In the mid-1880s, Houssaye (1815-1896) presented his recent book, a meditation on the soul and life after death, to his friend Dr. Ludovic Bouland (1839-1932), a noted medical doctor and prominent bibliophile. Bouland bound the book with skin from the unclaimed body of a female mental patient who had died of a stroke.”
“While books bound in human skin are now objects of fascinationand revulsion, the practice was once somewhat common. Termed anthropodermic bibliopegy, the binding of books in human skin has occurred at least since the 16th century. The confessions of criminals were occasionally bound in the skin of the convicted, or an individual might request to be memorialized for family or lovers in the form of a book.
Libraries are amazing places. Sometimes you find things that are fascinating, sometimes they are kinda gross. Information is always important to have and to share; this is just another example of the huge breadth of ideas, materials, and services that exist in the library profession!
“Discover new teaching practices and refresh your pedagogy with these short videos aimed to give introductions to new or modernized teaching ideas, strategies, and social studies skills. Released monthly, the videos will range in topics such as introductions to primary source instruction to literacy practices in the social studies. Watch this page, Facebook, or subscribe to the e-Newsletter for new videos.”
Segment 1: What is Concept-Based Learning?
Concept-based learning helps students focus on “life’s big ideas” which are applicable to other situations. Learn why concept-based learning is important and how concepts differ from knowledge and skills.
In the Middle Ages, creating a book could take years. A scribe would bend over his copy table, illuminated only by natural light—candles were too big a risk to the books—and spend hours each day forming letters, by hand, careful never to make an error. To be a copyist, wrote one scribe, was painful: “It extinguishes the light from the eyes, it bends the back, it crushes the viscera and the ribs, it brings forth pain to the kidneys, and weariness to the whole body.”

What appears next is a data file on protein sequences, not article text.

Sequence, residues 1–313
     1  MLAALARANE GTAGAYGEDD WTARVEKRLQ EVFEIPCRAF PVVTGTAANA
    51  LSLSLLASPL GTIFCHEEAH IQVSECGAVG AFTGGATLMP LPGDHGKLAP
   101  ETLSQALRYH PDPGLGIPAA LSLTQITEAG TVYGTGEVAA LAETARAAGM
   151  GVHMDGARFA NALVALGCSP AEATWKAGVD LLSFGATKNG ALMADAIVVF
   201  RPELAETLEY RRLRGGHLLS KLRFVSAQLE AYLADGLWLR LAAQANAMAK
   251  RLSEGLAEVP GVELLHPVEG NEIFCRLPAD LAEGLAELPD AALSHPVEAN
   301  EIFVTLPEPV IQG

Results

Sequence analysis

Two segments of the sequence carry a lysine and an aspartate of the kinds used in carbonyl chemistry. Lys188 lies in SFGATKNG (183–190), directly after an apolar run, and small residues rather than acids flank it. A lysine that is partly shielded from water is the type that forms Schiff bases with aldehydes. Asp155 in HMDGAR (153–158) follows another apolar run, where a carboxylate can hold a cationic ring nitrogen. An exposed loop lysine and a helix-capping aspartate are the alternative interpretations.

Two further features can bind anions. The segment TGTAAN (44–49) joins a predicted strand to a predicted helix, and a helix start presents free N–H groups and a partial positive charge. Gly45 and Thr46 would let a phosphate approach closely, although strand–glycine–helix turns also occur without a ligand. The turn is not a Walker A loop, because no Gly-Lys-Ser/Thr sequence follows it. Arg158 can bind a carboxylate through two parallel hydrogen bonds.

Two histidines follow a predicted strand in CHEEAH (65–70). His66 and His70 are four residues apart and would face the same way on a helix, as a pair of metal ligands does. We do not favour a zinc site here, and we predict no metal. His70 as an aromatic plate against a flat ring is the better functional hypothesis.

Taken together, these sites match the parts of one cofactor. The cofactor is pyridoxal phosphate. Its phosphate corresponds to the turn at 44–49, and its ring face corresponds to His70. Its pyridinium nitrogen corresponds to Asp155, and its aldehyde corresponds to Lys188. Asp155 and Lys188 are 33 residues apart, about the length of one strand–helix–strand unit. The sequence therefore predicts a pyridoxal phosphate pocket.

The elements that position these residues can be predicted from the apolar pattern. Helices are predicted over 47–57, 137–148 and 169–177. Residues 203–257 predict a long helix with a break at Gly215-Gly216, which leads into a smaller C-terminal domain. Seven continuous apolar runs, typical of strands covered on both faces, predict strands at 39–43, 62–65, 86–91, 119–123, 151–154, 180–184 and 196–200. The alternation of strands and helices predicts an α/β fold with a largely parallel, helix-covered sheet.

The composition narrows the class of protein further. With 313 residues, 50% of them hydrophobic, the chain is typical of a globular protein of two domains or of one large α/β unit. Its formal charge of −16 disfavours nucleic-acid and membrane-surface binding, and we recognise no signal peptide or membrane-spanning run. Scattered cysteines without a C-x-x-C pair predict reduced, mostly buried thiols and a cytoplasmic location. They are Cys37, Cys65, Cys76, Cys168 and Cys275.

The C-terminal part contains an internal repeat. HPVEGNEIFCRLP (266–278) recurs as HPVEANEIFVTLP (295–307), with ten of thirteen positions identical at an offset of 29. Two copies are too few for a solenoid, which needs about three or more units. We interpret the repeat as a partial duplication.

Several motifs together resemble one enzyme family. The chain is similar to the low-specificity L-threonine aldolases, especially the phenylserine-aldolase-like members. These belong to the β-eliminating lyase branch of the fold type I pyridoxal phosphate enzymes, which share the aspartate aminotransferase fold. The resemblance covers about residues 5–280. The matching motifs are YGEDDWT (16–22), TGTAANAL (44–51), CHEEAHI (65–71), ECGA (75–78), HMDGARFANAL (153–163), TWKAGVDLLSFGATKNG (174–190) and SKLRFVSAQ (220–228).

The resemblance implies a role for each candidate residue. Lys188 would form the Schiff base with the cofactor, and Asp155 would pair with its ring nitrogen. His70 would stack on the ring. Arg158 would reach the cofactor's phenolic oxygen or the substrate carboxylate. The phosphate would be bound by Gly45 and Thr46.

In June 2016, the American Association of School Librarians (AASL) announced their 25 Best Apps for Teaching and Learning. The apps encourage qualities such as innovation and active participation, and are user-friendly.
The app Spies of the Mississippi comes from a book by Rick Bowers, which was made into a PBS documentary. The app is filled with primary resources that tell the story of the Mississippi State Sovereignty Commission, which was founded in 1956 to preserve segregation and spy on the civil rights movement. The app has videos, a timeline, interactive map, as well as lesson plans and discussion questions.
Cost: Free Level: Middle and High School Platforms: iOS
Watch this video to get an idea of how the app works:
People generally think of librarians and other library folk as mild-mannered, maybe even reserved, people that are passionate about books, learning, and information in general. But historically, libraries used to be a source of high competition and conflict!
This article from Atlas Obscura details how several dynasties in the ancient world had a constant rivalry with each other over which kingdom had the best library collection. The biggest competition was between the libraries of Alexandria and Pergamum (located in present-day Turkey). Kings poured their resources into preserving Greek culture and promoting scholarship, as well as acquiring ancient texts and writings to make their collections more valuable.
Of course, new ideas and interpretations of readings were important to keep libraries current and thriving. The article describes how competition to attract and keep scholars in libraries grew so fierce that the treatment of scholars became similar to today’s world of professional athletes: “Much like how athletes are drafted to rival teams in today’s sports, libraries “attracted scholars by offering one better wages than the other kings.” Sometimes, the kings took it a step further and actually put scholars in prison so they couldn’t take their intellectual pursuits to a different kingdom.
Today’s libraries may not have quite the same level of competition with each other, but they continue to be essential institutions in society, possibly because their value was discovered and preserved to such an extent in the ancient world.